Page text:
Today was one of those wonderful days, those days that make you long for spring and at the same time make you realize its just around the corner, those days that ease the pain of an otherwise long winter.
I took the opportunity to ride today, the first time in nearly 4 months. Did I have other opportunities during those months to get out? Yes, but this time I didn't let it pass me by. I dropped Em off at school and headed into the flat lands to do a little reading before hitting the trail. Sitting in the car at the park, I finished the chapter I started last night. Riding is my thinking, praying, and processing time. I missed it over the winter and was glad to be back out on the bike today.
Pretty certain I had lost a lot of ground over the winter I set the bar accordingly. If I go just one mile I'll be happy I told myself....yep, set I the bar darn low! As I hit the trail, I noticed the high level cirrus clouds. Thin and wispy, they fit my mood perfectly, it just makes me happy ride. The world is put on hold for a few hours, I like that. Two miles, no pain, soon eight miles had passed then before I knew it ten miles. I decided to shoot for thirty today...or should I go for fifty? Na, I'll feel it tomorrow, I'll stick to thirty.
As the trail snaked across the land so did my thoughts. My mind drifted from the chapter I just read to praying to random thoughts to asking the Lord questions. A's don't directly cause C's I repeated to myself, A's don't directly cause C's. It was a new thought, the book was insightful. Insight is one thing, but getting it ingrained in you and acting on it another thing entirely. Knowledge without corresponding action profits little. A's, activating events, don't directly cause C's, my feelings and behaviors.... B is my responsibility, the beliefs and values I filter the event through in the milliseconds after it occurs. Why is this so difficult for me to grasp, I ask myself. I don't like it when I can't grasp something right off, and this book proposed a lot of deep thoughts. So theoretically, I push my own buttons, I surmise....a light bulb moment, but not something I wanted to embrace. It meant more change, more growth...a lot more.
The squeaking of the prairie dogs along the trail shifts my thoughts. They bob up and down at the edge of their holes and let out a squeaky cry as I pass by. I've seen the same behavior time and again as a dog approaches them. It's a warning, but I prefer to think of them as cheerleaders, cheering me on toward my goal. One dodges across the path just in front of me. I recall the seven I hit last summer, a record I don't care to break. Further on, a man sits in a lawn chair, binoculars on a tripod and some sort of record book in his lap. I decide he is counting how many times the eagle in the distant tree poops or something equally absurd, and of course he is getting some sort of taxpayer grant to do his research.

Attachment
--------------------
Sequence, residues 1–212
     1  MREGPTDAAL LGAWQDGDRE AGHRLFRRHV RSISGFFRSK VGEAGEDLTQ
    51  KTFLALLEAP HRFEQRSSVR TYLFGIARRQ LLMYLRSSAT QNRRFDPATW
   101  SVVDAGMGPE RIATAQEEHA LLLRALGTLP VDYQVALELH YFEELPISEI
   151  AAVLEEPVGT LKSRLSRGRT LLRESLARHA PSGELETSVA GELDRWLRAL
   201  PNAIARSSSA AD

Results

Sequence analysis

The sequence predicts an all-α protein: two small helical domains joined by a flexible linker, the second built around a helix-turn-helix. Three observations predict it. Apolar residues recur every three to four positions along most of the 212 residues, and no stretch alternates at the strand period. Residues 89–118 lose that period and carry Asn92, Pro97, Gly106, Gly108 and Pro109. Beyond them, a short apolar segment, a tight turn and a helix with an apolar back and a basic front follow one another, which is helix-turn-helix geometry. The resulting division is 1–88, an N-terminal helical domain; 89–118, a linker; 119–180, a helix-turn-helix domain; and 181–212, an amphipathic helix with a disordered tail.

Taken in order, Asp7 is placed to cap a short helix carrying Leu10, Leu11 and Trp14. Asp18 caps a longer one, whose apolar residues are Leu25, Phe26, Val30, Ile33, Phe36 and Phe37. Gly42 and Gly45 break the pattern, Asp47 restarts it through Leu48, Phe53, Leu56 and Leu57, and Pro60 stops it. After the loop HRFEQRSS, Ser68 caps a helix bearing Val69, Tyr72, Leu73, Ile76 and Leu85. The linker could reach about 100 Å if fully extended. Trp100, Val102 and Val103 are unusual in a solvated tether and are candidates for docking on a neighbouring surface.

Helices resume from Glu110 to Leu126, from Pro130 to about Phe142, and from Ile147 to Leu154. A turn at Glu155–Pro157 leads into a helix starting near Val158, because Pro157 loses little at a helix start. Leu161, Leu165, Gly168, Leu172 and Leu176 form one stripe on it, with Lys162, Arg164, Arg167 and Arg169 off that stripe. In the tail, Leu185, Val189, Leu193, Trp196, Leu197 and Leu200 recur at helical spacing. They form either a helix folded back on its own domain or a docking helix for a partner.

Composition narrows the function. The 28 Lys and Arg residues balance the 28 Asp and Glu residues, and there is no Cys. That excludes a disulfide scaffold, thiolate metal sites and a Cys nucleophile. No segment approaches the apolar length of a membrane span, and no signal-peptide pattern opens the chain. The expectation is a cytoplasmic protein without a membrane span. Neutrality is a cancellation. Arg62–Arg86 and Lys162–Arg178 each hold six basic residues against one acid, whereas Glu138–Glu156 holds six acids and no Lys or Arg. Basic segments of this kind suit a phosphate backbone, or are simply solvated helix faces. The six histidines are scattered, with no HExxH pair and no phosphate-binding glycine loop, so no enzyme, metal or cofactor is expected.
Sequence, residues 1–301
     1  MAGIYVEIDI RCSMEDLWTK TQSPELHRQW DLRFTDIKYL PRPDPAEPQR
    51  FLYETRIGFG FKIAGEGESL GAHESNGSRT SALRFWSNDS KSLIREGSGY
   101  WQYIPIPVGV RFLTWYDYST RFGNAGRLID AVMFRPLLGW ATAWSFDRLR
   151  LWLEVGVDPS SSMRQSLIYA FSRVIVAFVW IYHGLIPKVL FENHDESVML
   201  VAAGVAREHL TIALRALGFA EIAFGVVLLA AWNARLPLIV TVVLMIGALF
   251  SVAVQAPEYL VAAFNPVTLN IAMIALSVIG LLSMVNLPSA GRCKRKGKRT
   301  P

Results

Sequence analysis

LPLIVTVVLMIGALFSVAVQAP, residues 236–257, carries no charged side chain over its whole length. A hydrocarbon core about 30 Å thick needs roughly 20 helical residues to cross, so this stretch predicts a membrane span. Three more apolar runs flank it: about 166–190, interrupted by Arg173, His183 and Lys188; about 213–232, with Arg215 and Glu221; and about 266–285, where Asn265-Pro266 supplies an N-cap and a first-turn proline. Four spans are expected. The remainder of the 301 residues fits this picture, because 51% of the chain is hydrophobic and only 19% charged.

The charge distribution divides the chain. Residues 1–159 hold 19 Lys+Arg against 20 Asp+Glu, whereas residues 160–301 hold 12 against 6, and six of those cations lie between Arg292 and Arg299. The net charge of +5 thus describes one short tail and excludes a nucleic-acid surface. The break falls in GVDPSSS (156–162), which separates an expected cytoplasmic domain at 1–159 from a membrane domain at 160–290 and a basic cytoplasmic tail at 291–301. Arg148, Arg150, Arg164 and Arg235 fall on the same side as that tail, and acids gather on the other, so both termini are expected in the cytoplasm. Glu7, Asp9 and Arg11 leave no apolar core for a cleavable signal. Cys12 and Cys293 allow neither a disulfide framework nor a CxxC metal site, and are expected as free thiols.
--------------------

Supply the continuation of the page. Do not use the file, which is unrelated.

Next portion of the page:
Feeling good, I decide to take on the hills. I find that although my legs are cooperative, my lungs are much less so. The burning in my chest grows more painful as I near the top. My sides heave as my lungs grasp for every last molecule of oxygen. I know I'll feel that tomorrow. I crest the top and the view is just as I remember it. The entire front range is laid out before me. I see Pikes Peak shrouded in haze off to the south. After a few basic math calculations I determine that the mountains I see off to the north are in the middle of Wyoming. A thick blanket of snow drapes Longs Peak and Mount Meeker as they majestically tower above the others in the center of my live picture. I use the opportunity to catch my breath as I take in the amazing view right in front of me.
After several minutes I turn and coast back down the hill, passing with ease the historic farm site I peddled though on the way up. As I pass the old rustic barn, I think about last summer when we took Connor and Maddie there for a visit. We walked around the barn peering in the knot holes, the doors and windows locked. Connor suddenly tore around the corner excitedly exclaiming, "Hey guys, I just broke in!" We excitedly followed and respectfully perused at the artifacts without touching.....except for the fake life-sized cow that we all had to take turns milking.
Before I knew it two hours had passed, two loops and I've put in 31 miles. Not a bad day's ride all things considered. And yes, A's don't directly cause C's.....seems I'm pushing my own buttons.